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Weekly Farm Newsletter

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Week of Novmeber 14th

Projected CSA menu:

Sweet Potatoes
Store at room temperature

Store in the fridge

Store in an opened bag in the fridge

Red Cabbage
Store in the fridge

Store at room temperature

Bok Choy
Store in a sealed bag in the fridge

Tuscan Kale
Store in a sealed bag in the fridge

Do not need to be refrigerated

Japanese White Turnips
Remove edible greens and store both separately in the fridge in bags

Acorn Squash
Store at room temperature


Next Week: All deliveries will be made a day early to ensure that all our CSA members receive their bounty before the holiday! There will be NO THURSDAY delivery. All unclaimed shares are automatically donated.

A super moon November to remember! Cold and frosty mornings burning off into sunny, very warm, afternoons; the best weather recipe for growing fall broccoli. We were at peak season in mid-October, harvesting broccoli multiple times a week. Each harvest gives us about 2 weeks' worth of CSA and market broccoli to distribute and luckily it holds well in our cooler for up for 3 weeks at a time. Now, nearing Thanksgiving, our yields have been slowing down to about once every 10 days. Each broccoli plant gives us one head of broccoli, so one cut and it's done. Still, we have been moving from field to field, basking in the sun and bringing in tons of delicious crowns. Our long-awaited carrots are fresh out of the ground and just in time for the holiday next week. We waited long and patiently to harvest them this year since we know a good hard frost will make for even better tasting carrots. Wondering why we do not grow more carrots throughout the year? Although they are a staple veggie in many households, carrots are extremely difficult to cultivate and even more so if you are an organic grower. They require a lot of tedious care, hand weeding, and labor that we cannot afford in the heat of summer when there are so many other crops to tend to on our diverse farm. None of us like to visit the grocery store for vegetables during the CSA season, but carrots seem to be one of my only stops in the produce section of the store. The reality is, most carrots you buy in a grocery store are coming from a farm (most likely in California) that grows only and explicitly carrots. That is their only means of production and they have perfected it to an agricultural science on thousands of acres of carrots. We are amazed and challenged by what it takes to grow them and we will continue to experiment with carrots until they are successful or no longer sustainable in our farming model. Doing a winter externship on a carrot farm in California is looking pretty good right about now! Until then, enjoy your locally grown organic carrots and savor their minty aroma flavor while they are here. Also, do not peel carrots – for mindless waste and your own health!

Khaya's Korner: Thanksgiving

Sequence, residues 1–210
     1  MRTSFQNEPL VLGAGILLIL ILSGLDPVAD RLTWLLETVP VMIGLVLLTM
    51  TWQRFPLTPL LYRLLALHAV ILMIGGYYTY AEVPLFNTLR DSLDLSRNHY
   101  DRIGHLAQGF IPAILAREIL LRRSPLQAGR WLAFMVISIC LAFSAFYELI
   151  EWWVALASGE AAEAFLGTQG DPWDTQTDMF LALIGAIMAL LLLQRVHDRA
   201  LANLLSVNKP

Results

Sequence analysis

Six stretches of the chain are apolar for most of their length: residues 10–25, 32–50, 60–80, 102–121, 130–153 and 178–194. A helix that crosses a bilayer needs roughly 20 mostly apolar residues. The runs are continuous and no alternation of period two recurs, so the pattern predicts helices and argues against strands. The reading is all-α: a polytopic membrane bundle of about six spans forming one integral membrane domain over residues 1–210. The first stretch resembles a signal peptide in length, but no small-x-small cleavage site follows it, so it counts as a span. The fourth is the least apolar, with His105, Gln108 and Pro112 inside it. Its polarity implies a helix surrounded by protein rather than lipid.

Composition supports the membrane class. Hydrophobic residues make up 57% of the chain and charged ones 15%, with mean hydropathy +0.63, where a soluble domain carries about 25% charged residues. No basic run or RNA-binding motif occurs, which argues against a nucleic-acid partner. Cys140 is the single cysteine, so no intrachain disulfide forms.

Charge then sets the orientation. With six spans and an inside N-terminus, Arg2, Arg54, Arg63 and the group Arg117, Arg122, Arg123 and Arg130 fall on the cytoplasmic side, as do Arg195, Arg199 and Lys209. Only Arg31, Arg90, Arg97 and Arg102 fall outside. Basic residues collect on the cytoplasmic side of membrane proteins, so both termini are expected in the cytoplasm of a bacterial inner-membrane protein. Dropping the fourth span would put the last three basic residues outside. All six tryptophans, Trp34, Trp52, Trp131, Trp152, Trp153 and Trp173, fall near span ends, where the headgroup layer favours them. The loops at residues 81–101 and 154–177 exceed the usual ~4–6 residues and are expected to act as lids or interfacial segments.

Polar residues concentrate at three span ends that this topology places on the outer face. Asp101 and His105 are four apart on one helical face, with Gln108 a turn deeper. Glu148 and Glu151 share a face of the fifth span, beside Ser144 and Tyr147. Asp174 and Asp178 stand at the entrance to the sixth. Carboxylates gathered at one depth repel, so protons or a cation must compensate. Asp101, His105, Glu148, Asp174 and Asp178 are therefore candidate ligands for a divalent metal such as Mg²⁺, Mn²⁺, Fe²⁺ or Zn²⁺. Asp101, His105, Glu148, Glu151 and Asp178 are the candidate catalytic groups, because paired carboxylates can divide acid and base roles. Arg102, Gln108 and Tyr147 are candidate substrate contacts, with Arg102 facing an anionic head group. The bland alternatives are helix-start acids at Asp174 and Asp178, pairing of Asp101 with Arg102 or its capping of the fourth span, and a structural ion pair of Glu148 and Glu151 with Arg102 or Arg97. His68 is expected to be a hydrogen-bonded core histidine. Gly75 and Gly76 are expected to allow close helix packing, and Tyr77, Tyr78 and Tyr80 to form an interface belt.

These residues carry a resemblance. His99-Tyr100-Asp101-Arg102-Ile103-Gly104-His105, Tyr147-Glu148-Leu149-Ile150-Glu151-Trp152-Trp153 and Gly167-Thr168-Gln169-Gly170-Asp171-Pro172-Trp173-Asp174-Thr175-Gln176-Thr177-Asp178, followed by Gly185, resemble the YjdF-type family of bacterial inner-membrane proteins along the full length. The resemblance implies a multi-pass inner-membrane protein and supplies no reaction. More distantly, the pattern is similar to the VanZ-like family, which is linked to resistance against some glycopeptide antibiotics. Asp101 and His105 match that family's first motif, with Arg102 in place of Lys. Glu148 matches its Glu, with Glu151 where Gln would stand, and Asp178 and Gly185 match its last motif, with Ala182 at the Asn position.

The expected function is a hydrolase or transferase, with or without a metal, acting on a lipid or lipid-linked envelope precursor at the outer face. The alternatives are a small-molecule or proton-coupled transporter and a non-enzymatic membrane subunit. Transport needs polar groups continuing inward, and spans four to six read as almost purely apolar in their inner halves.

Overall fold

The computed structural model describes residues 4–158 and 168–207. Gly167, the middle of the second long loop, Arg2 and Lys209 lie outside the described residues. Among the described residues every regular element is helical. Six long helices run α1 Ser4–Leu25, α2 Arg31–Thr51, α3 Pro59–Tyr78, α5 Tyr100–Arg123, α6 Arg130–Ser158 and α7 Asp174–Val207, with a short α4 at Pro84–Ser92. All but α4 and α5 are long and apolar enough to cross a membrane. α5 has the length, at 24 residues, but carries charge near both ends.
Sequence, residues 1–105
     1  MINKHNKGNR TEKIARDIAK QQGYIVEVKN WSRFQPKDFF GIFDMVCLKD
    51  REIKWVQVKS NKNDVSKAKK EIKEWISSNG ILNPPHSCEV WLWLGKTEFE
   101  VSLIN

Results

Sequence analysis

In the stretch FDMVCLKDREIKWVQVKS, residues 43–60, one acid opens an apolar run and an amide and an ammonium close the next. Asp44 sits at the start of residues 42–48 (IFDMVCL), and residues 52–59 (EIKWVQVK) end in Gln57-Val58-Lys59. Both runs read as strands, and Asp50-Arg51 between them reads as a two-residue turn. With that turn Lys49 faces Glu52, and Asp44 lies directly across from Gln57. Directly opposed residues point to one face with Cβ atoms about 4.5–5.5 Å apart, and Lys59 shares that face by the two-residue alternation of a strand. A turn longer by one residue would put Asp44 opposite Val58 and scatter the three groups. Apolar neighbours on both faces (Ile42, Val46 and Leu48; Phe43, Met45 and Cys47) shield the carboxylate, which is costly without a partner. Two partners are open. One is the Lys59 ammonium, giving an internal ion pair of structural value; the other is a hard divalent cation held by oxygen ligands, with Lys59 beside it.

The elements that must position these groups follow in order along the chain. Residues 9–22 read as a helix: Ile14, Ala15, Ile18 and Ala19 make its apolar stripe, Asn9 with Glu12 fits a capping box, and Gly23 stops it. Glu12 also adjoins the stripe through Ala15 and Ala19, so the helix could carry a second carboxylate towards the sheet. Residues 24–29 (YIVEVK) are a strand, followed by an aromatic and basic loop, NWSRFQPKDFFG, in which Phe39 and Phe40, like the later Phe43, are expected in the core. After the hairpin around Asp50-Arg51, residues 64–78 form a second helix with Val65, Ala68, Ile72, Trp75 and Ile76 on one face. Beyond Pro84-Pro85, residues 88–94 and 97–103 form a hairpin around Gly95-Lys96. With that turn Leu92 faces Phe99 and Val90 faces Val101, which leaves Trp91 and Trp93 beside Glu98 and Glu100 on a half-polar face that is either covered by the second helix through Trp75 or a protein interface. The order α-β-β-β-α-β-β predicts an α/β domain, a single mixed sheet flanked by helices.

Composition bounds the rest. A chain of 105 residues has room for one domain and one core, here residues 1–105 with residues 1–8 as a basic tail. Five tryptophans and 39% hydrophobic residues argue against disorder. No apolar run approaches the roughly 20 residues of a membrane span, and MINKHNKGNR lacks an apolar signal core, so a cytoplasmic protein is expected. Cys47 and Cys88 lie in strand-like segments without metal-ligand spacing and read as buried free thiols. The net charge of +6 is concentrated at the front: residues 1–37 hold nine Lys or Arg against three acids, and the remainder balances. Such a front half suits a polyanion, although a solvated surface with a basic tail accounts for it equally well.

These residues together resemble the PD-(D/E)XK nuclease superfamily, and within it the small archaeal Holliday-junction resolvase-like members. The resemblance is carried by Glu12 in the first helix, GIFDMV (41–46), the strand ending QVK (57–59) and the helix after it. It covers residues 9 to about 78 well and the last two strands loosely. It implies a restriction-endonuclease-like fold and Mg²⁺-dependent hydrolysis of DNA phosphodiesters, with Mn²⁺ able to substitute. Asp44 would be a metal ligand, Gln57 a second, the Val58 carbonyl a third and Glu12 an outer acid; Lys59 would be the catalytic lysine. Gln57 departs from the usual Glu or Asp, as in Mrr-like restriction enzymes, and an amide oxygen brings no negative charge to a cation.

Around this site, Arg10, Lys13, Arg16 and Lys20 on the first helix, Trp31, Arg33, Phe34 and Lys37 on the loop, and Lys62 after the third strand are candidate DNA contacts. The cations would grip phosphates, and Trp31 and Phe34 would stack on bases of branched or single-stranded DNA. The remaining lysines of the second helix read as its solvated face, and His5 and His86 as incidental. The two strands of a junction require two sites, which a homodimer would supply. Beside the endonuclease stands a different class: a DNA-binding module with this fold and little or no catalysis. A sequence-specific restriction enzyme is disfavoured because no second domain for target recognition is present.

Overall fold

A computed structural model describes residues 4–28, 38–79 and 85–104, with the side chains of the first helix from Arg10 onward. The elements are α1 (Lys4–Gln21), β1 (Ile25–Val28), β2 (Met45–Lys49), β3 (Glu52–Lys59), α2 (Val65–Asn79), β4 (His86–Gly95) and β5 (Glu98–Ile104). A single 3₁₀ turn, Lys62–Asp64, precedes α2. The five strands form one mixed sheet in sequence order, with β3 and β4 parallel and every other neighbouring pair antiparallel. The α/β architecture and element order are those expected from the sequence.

When I think of Thanksgiving, I think of a plump turkey. That's what my family has every year. Also, our table is filled with: yams, cranberry sauce, corn, and pigs in a blanket. For dessert, we have pies. Apple pies, pumpkin pies, cherry pies, and finally: crème pies. We usually go up to Maine to visit our relatives for Thanksgiving. Last year, they came up to Pennsylvania because my sister had just been born. But, regardless of where we are, we still have a lot of fun. So this year, just have an awesome time at your family's Thanksgiving dinner. ~ Khaya

Acorn Squash with Pasta
6 slices bacon
1 acorn squash- peeled, seeded, and diced (4 to 5 cups)
2 cloves garlic, minced
1 1/2 cups chicken broth
1 teaspoon kosher salt
4 oz. soft goat cheese crumbled. (Or your favorite soft cheese)
1 pound package linguine, cooked
1 tablespoon olive oil
2 teaspoons freshly ground black pepper
Cook the bacon in a large skillet over medium heat until crisp, about 5 min. Drain on paper towel, then crumble or break into pieces: set aside. Drain all but about 2 tablespoons of the bacon fat from the skillet. Add the squash and garlic to the skillet and sauté' over med. heat for 3 to 5 min. Stir in the broth and salt. Cover and simmer, stirring occasionally until the squash is cooked through and softened, 20 to 25 min... Add half the goat cheese and stir well to combine. Place the cooked Linguine in a bowl. Stir the sauce into the linguine and toss well to coat. Drizzle with the olive oil and add reserved bacon, the remaining goat cheese, and the pepper. Serve immediately.

Cabbage Blush from member Karen Kline
Red Cabbage
Honey Dijon Mustard
Blue Cheese
Directions: Slice Red Cabbage to a medium slaw
Add to boiling water
Cook as per blanching
You don't want to lose too much of the bright red color but cabbage should be semi soft
Drain well
Turn to bowls and add Honey Dijon dressing until thoroughly coated
Add a good mild creamy blue cheese for the topping to taste

French Braised Turnips and Carrots
5 carrots, cut into 1/2 inch slices
3 turnips, cut into 1/2 inch slices
2 C chicken or vegetable stock
2 t sugar
2 T butter
Salt and pepper to taste
Place carrots and turnips in a large, heavy saucepan with all other ingredients. Cook them, partially covered over medium heat until tender, about 20 minutes. Sprinkle with favorite herb(s) and serve in a warmed dish. 4-6 servings

Sweet Potato Pie
3-4 med. Sweet potatoes or yams (1 and 1/4 - 1 and 1/2 lbs)
1/3 C. softened butter, 1 / 3 C. sugar, 1 / 3 C. Brown Sugar, 1 / 2 tsp. Salt
1 / 4 tsp nutmeg, 2 eggs, beaten, 1 tsp vanilla, 2 / 3 C. milk, 1 unbaked 9" pie crust
Boil Sweet Potatoes until tender. Cool slightly-peel & mash (about 2 cups). Combine ingredients until creamy. Bake at 350 in oven for 50-60 minutes.
Cool to room temperature before serving. Store in refrigerator


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